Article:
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Friday, April 6, 2012

The Shame of the Cross

By Rev. Eugene Hor
Pastor, Burwood Chinese Presbyterian Church, Sydney, Australia

Paul’s statement in Romans 1:16 where he says that he’s not ashamed of the gospel is a radical statement. It’s radical because the cross was a symbol of shame and humiliation in the world of the New Testament (NT). When Paul writes, I am not ashamed of the gospel … he’s in effect saying, “I’m not ashamed to look bad, I’m not afraid to look foolish, I’m not afraid to be considered a fool, I’m not afraid to be shamed and humiliated for the gospel”.

Why was the Christian gospel considered both an embarrassment and shameful? In 1 Cor.1:22-23, Paul reminds us that, Jews demand miraculous signs and Greeks look for wisdom, but we preach Christ crucified: a stumbling block to Jews and foolishness to Gentiles. The gospel was considered a foolish message and a shameful message, because at the heart of the gospel was the symbol of a cross – a message focused on the crucified Christ.

These days – crosses are glamorous. In fact the wearing of a cross is a fashion symbol worn by the likes of Madonna, Britney Spears, David Beckam and Liz Hurley. But in the world of the NT, the cross wasn’t so trendy, but a symbol of shame. Only the scum of society were crucified. Death by crucifixion was reserved only for runaway slaves, criminals, murderers, rebels convicted of treason, and captured enemies of the state. Crucifixion wasn’t just a way to cause someone a slow and painful death. Crucifying someone was also a way of shaming them, of publicly humiliating them.

You are left out in the open air in all your nakedness for everyone to see; each hour, each day, as the life drains out of you; as you lose control of your bodily functions and then left to the vultures to be consumed. In the ancient Roman world, a crucifixion was a public shaming of the person, leaving them exposed and powerless. It took away their rights, their control, their worth, their dignity; a public statement really to say to everyone around that this is what this person is worth.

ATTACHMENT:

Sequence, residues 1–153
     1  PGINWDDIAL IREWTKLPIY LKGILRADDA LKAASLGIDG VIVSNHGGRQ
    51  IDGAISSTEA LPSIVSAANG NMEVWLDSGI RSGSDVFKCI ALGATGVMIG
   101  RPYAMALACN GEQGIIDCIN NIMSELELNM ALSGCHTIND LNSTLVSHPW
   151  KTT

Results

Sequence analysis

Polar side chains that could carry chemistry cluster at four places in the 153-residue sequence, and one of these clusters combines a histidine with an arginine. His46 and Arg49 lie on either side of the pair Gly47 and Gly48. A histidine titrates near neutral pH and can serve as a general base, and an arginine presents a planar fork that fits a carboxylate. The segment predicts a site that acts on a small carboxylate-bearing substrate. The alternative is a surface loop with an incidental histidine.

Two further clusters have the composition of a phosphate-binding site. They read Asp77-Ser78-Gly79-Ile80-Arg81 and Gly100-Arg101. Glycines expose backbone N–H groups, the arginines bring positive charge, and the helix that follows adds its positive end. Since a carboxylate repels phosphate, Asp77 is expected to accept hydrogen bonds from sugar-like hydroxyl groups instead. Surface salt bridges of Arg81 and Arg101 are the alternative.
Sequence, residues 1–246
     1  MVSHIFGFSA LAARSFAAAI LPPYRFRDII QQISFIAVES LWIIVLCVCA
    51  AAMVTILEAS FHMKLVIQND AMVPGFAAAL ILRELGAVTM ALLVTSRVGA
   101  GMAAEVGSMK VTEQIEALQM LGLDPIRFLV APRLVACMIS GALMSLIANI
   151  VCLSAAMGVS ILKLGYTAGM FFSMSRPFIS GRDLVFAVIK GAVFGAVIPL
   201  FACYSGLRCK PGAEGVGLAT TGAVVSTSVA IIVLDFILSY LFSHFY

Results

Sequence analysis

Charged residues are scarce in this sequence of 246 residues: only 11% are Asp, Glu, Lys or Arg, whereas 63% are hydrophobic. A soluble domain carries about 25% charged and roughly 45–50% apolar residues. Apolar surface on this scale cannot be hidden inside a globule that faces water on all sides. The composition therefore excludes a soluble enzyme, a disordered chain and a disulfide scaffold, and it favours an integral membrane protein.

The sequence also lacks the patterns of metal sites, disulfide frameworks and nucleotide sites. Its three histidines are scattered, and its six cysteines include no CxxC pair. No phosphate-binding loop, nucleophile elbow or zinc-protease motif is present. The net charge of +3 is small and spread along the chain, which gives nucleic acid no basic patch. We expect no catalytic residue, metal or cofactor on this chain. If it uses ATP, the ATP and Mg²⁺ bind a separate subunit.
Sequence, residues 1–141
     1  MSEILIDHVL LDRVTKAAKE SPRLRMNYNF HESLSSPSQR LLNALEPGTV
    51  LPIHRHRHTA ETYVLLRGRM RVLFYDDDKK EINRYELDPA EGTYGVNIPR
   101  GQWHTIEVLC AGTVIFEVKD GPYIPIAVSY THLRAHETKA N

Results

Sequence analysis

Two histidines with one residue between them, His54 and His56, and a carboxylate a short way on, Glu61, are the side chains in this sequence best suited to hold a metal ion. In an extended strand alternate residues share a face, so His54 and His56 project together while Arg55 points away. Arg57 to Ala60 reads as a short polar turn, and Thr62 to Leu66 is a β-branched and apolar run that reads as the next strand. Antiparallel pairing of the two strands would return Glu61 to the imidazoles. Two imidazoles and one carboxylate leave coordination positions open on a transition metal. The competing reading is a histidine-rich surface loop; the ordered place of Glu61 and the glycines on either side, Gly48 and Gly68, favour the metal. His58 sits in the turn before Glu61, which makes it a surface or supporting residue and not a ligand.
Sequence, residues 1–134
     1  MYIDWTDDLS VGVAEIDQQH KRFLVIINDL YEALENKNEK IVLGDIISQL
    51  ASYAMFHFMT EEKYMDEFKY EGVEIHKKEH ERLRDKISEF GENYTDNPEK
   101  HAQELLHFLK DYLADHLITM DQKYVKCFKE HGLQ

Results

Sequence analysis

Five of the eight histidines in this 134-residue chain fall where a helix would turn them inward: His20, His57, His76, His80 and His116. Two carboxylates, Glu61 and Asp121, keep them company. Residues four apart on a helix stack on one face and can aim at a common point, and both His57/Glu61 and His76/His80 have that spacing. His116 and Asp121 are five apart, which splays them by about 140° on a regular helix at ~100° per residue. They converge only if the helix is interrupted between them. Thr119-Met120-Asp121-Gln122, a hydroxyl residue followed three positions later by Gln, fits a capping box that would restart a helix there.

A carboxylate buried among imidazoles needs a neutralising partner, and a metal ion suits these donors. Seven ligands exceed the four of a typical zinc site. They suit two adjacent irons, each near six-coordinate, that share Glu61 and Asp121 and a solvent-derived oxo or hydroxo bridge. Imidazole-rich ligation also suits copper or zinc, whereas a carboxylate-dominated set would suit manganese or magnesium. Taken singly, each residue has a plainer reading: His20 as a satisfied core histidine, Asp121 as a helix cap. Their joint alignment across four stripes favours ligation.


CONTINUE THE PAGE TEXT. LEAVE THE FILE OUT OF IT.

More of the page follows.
For the early Christians, Christ crucified wasn’t just absurd or embarrassing, it was shameful and appalling. What sort of people worshipped a crucified man? What sort of people speak of a crucified man saving them? They should be ashamed of the cross. Only fools worship a crucified man whom they call God, King and Savior.

Graffiti has been around since Roman times and before. In 1857, an archaeologist discovered graffiti scratched into the plaster walls of the barracks of some Roman soldiers built by the Emperor Nero. One of these pieces of graffiti is called the “Alexamenos Graffiti” (photo), drawn in the first century. Apparently it is made to make fun of a Christian soldier by the name of Alexamenos. The picture shows a small man, Alexamenos, praying with one arm extended toward Jesus suffering on the cross. Jesus appears on a visible cross with arms outstretched, hands nailed. But in this crude sketch, scratched on the barracks wall by a pagan soldier, Jesus has the body of a crucified man and the head of an ass. And beneath this drawing are the words, “Alexamenos worships his god”.

In the eyes of non-Christians, not only was this crucified King and Savior an ass, but so were his followers. For what sort of people glory and boast in, proclaim and worship a crucified man? It was both appalling and shameful. How can the cross be good news? What’s so good about the crucifixion of a man on a Roman cross? It’s something you should be ashamed of!

The temptation for Paul and certainly for all early Christians was to be ashamed of the gospel, to be ashamed of the cross of Jesus. Yet, we read in Rom.1:16, that Paul is not ashamed of the gospel. He is unashamed to be shamed and humiliated for the gospel in his world. He is unashamed to be considered an ass for Jesus! And the reason comes in the second half of v.16. Paul is unashamed of the gospel, because it is the power of God for the salvation of everyone who believes, first for the Jew, then for the Gentile.

For ultimately, the death of Jesus on the cross was not the last word. For the last word at the cross is not death, but resurrection. For the last word at the cross is not shame, but vindication. For the last word at the cross is not humiliation, but exaltation. For the same Jesus who went to the cross, is the same Jesus God resurrected from the dead. He lifted up to the highest place to be worshipped, and given the name above every name. For the same Jesus who went to the cross, is also the Jesus God declares to have . . . “Bestowed upon him the name that is above every other name. That at the name of Jesus, every knee must bend in the heavens and on the earth and proclaim to the glory of God the Father that Jesus Christ is Lord.” (Phil.2:6-10).
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